It’s tricky making a western nowadays. Just going route one and making a classic example of the genre is too cliched, and more than a little problematic given the standard “cowboys and Indians” narrative. Likewise, though, I think we’ve collectively had enough of the poe-faced anti-western sub-genre. The best examples of recent years have barely been Westerns at all (like Meek’s Cutoff) or consciously use the cliches of the genre to tell new stories, like The Harder They Fall. The English, a new co-venture between the BBC and Amazon, is a miniseries that tries to have its cake and eat it, making use of several established archetypes of the genre, while retaining a grim tone throughout. Despite this though, it ends up as something altogether more interesting.
The English is Hugo Blick’s first foray into overt genre territory since his underrated spy thriller The Shadow Line, and it shares many of the earlier series’ strengths and some of its weaknesses.
The miniseries slightly overreaches in some areas – trying to tell too many stories, keeping too many plates spinning at once for the number of character-building speeches that are crammed in. I love big speeches as much as the next person (I loved Midnight Mass and that was full of them!) and Blick has an undeniably good ear for evocative dialogue, but when there is so much going on in the plot, this sometimes feels like a luxury the series can’t afford.
Emily Blunt plays Cornelia Locke, an aristocratic lady seeking revenge for the death of her son. Traveling across the Atlantic to the open plains of America, she encounters the loner ex-cavalry scout, Eli Whipp (Chaske Spencer). Meeting in the midst of an incredibly volatile situation, they find themselves embarking on a journey across the dangerous plains, one seeking vengeance, one simply looking for somewhere to call home. And yet the two find their fates inextricably entwined as the full picture emerges.
Blunt is a revelation as Cornelia, and it might be the most impressive performance I’ve ever seen from her. She’s an enigmatic character whose every appearance raises more questions than it answers. At once sensitive and resilient, ruthless, and sympathetic, and always utterly humane. The determined, resolute love she bears for her deceased son is almost unbearably poignant, as is her final scene with the young Native American she rescues, and affectionately names “No Trouble”.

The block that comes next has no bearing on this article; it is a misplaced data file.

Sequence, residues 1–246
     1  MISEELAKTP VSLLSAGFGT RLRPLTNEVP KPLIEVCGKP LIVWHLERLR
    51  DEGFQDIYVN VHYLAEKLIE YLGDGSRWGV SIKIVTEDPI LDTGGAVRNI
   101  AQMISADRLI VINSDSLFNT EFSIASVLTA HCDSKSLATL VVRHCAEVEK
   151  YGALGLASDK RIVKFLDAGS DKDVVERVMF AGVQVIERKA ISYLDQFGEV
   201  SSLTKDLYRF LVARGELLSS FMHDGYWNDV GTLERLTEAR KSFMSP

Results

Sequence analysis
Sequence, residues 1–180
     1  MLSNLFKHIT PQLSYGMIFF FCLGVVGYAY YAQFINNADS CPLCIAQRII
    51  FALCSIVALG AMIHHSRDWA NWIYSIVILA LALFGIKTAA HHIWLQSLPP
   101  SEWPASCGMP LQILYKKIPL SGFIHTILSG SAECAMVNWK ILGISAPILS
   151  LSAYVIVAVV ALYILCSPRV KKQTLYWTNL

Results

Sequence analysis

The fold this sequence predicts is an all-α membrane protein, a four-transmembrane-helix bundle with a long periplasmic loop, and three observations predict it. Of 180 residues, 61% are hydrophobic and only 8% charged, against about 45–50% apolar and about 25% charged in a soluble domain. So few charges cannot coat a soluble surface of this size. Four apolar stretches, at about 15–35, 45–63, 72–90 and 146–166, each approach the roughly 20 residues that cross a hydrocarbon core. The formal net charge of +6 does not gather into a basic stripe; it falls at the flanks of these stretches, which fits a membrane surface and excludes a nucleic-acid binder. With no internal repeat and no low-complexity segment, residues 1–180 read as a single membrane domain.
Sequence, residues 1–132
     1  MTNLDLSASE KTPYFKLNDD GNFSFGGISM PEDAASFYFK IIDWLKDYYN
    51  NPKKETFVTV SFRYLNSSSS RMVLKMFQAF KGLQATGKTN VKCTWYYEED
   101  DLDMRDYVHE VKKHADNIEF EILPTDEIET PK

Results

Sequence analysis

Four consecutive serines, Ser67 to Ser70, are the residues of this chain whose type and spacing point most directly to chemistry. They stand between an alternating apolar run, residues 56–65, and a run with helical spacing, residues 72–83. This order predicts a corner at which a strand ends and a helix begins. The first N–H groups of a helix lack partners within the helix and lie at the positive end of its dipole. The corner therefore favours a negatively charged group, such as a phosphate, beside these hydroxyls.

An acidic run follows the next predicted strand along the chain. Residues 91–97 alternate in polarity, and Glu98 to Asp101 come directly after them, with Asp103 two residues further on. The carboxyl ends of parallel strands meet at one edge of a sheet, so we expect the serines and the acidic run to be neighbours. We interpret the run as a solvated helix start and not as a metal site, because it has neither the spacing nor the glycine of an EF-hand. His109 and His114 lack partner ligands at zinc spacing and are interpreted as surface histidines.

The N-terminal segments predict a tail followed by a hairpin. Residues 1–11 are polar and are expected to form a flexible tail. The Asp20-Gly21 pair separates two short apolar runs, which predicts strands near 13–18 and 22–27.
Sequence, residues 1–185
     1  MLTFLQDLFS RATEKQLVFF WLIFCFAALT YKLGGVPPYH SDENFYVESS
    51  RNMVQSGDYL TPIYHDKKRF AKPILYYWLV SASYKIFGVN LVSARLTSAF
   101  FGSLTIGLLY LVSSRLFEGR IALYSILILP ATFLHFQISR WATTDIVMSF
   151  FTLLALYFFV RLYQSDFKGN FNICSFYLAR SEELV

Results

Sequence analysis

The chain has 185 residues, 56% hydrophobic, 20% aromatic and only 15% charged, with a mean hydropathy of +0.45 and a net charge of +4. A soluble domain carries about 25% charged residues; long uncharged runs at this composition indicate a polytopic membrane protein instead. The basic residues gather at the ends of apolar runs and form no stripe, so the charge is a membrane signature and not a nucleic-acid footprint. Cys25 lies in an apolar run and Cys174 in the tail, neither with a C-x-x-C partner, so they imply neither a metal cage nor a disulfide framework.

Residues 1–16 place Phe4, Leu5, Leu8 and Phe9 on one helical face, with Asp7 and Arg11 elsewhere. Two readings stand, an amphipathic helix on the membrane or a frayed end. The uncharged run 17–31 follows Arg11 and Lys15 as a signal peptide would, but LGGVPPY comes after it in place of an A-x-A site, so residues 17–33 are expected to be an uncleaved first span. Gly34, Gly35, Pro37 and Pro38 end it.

Chaske Spencer judges his role just about right, largely playing against the stereotype of the implacable native American. It’s a tough needle to thread though, playing a character so clearly influenced by the cliche of the Native American as seen in old-fashioned Westerns, and yet still make Eli feel like a real person. On the one hand, he appears to be an unstoppable, impossibly skilled warrior, yet there is a sadness to him, bordering on self-loathing, explored in his internal struggle as he is forced to reconcile his status as both a US soldier and a Native American. The supremely tense sequence when he finally atones for his role in the oppression of his own people is a well-earned and truly cathartic moment.
The whole series is shot beautifully, with a vivid colour palette and brightly lit vistas that are contrasted with the bleak lyricism of the writing, which recalls something like The Proposition. Every trope of the Western genre is thrown in and played with such a straight face that it almost defies you to take it seriously. This is especially true of the first episode, which is particularly self-indulgent, and too self-consciously stylised in places, suffering from some over-the-top “howdy boy howdy” accents from British actors like Toby Jones and Ciaran Hinds (who may as well be twirling his moustache with every villainous line delivery). Thankfully once the story begins in earnest everything improves, and as the series continues the characters are revealed to be more nuanced than they initially appear.
Your sympathies are constantly shifting, whether for Tom Trafford (Tom Hughes) the arrogant landowner, the terrifying bushwhacker matriarch Black-eyed Mog (Nichola Mcauliffe), Gary Farmer’s overly friendly trader or Stephen Rea’s world-weary sheriff. There is a refreshing ambiguity hanging over the heroes and villains alike.